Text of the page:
dc.description.abstract<table><tr><td colspan="2" class="item-title">Feasibility and Acceptability of a Resistance Exercise Intervention for Women Undergoing Chemotherapy for Breast Cancer</td></tr><tr class="item-sponsor"><td class="label">Conference Sponsor:</td><td class="value">Midwest Nursing Research Society</td></tr><tr class="item-year"><td class="label">Conference Year:</td><td class="value">2009</td></tr><tr class="item-author"><td class="label">Author:</td><td class="value">Visovsky, Constance, PhD</td></tr><tr class="item-institute"><td class="label">P.I. Institution Name:</td><td class="value">University of Nebraska Medical Center</td></tr><tr class="item-author-title"><td class="label">Title:</td><td class="value">College of Nursing</td></tr><tr class="item-address"><td class="label">Contact Address:</td><td class="value">985330 Nebraska Medical Center, Omaha, NE, 68198-5330, USA</td></tr><tr class="item-phone"><td class="label">Contact Telephone:</td><td class="value">402-559-5468</td></tr><tr class="item-email"><td class="label">Email:</td><td class="value">cvisovsky@unmc.edu</td></tr><tr class="item-co-authors"><td class="label">Co-Authors:</td><td class="value">C. Visovsky, B. Babcock, College of Nursing, University of Nebraska Medical Center, Omaha, NE;</td></tr><tr><td colspan="2" class="item-abstract">Resistance exercise can assist in maintaining muscle strength, physical functioning in women undergoing chemotherapy for breast cancer. Few studies examined resistance exercise for reducing the neuromuscular side effects of chemotherapy. Newer interventions require an assessment of feasibility and acceptability to the populations for which they were developed. The purpose of this analysis was to examine the feasibility and acceptability of a resistance exercise intervention for women undergoing chemotherapy for the treatment of breast cancer. A physiological framework was used. Chemotherapy-induced cytokines cause pathological changes in the muscle, causing muscle weakness and fatigue. The data reported are from the final data collection interview of the intervention group (n=44) who participated in a randomized clinical trial testing a resistance exercise intervention for women with breast cancer. Data regarding feasibility and acceptability was collected using an investigator-developed questionnaire consisting of 6 Likert-scale items (range = 1-5), and 4 additional open-ended questions concerning exercise benefits and barriers. Descriptive statistics were used to analyze the Likert-scale questions. A mean score of 3.0 or greater indicated that the intervention was acceptable. A content analysis was performed on the open-ended items. Five of six questions exceeded the 3.0 set point indicating women found the remaining aspects of the intervention feasible and acceptable. Challenges in exercise were symptoms, fatigue, and time constraints. The benefits from the exercise program consisted of increased strength and energy, emotional well being, physical well being. Study results suggest that resistance exercise intervention conducted during chemotherapy for breast cancer is feasible and acceptable. Social support for exercise was the most important factor in continuing an exercise program during chemotherapy. Study participants can be successfully recruited into a resistance exercise program during chemotherapy for breast cancer. However, stronger emphasis in symptom management during the early phases of the study is needed to prevent study withdrawal.</td></tr></table>en_GB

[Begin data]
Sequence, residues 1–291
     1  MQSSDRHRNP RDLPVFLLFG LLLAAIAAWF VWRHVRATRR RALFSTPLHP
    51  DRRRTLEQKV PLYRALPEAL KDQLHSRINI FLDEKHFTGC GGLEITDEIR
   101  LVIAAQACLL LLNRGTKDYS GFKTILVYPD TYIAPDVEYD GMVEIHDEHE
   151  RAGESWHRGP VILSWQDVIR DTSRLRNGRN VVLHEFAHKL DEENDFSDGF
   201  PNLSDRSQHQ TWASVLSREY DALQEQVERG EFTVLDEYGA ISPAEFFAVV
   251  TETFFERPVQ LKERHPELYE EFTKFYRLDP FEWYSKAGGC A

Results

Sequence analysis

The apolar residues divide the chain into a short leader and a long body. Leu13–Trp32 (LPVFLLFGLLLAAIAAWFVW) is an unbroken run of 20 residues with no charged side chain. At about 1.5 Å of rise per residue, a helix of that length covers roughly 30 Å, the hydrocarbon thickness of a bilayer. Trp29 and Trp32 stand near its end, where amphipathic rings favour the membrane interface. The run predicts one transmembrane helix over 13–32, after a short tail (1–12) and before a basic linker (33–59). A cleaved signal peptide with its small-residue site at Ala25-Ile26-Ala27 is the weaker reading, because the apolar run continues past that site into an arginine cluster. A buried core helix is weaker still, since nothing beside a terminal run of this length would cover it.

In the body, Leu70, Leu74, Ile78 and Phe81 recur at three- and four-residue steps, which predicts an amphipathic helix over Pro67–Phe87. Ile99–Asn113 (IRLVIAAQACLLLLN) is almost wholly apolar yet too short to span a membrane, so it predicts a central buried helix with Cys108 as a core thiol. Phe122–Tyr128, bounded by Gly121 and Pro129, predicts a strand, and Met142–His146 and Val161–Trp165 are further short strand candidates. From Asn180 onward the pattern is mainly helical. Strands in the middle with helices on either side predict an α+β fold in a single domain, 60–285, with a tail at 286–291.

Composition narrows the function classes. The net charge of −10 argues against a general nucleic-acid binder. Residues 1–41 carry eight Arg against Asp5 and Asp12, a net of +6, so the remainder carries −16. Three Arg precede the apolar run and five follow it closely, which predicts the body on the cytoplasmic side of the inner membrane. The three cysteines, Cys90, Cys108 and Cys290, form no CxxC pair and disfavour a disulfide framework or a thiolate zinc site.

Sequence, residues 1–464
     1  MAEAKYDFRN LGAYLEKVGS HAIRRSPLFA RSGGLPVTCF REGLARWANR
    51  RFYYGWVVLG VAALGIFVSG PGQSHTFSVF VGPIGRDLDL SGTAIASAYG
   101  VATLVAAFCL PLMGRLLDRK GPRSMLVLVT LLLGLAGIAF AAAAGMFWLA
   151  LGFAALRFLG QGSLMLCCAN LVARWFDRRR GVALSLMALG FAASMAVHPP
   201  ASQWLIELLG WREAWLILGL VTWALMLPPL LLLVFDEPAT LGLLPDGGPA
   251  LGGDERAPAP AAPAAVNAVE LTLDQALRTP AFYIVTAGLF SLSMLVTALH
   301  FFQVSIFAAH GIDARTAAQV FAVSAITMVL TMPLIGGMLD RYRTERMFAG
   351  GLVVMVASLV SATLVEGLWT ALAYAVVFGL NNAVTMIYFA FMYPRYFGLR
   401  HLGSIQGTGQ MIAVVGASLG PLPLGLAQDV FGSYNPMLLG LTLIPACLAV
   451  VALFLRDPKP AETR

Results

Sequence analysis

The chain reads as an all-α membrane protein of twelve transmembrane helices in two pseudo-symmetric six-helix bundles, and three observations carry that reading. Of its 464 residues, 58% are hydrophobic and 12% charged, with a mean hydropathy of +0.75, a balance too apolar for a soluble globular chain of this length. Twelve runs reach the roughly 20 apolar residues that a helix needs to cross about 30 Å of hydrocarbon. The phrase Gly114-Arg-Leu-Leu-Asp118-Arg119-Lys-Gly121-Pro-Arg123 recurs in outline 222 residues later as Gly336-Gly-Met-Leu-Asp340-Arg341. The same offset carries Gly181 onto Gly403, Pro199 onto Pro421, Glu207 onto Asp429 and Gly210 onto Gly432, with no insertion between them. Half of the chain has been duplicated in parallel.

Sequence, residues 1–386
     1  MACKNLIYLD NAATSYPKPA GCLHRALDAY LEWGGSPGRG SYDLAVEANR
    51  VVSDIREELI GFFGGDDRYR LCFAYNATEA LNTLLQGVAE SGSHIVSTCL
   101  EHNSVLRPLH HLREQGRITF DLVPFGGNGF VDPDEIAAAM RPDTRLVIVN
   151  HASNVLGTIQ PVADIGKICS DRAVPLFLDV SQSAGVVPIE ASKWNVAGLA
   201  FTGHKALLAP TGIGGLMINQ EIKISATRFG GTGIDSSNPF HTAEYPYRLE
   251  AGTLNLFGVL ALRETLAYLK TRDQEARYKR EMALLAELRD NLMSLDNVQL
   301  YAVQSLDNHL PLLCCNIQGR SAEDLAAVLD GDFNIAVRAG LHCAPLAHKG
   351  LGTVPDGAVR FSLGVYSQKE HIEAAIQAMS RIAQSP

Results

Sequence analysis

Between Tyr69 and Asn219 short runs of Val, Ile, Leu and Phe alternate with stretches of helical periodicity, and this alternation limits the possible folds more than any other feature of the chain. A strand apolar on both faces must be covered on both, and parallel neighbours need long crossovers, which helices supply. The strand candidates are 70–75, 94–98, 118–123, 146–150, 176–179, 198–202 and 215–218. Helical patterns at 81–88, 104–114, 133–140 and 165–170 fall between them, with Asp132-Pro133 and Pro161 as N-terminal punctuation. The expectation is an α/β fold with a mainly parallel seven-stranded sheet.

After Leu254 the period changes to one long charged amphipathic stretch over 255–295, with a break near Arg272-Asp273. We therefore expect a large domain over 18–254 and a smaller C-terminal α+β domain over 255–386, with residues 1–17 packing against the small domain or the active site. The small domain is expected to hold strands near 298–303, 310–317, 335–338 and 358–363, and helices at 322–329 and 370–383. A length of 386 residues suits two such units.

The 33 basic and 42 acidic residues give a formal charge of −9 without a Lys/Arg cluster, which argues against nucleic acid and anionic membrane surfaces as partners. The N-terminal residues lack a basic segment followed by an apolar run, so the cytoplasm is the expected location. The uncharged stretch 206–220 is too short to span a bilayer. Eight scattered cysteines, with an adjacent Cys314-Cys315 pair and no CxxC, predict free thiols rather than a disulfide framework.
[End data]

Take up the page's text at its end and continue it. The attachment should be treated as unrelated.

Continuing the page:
dc.date.available2011-10-26T23:11:38Z-
dc.date.issued2011-10-17en_GB
dc.date.accessioned2011-10-26T23:11:38Z-
dc.description.sponsorshipMidwest Nursing Research Societyen_GB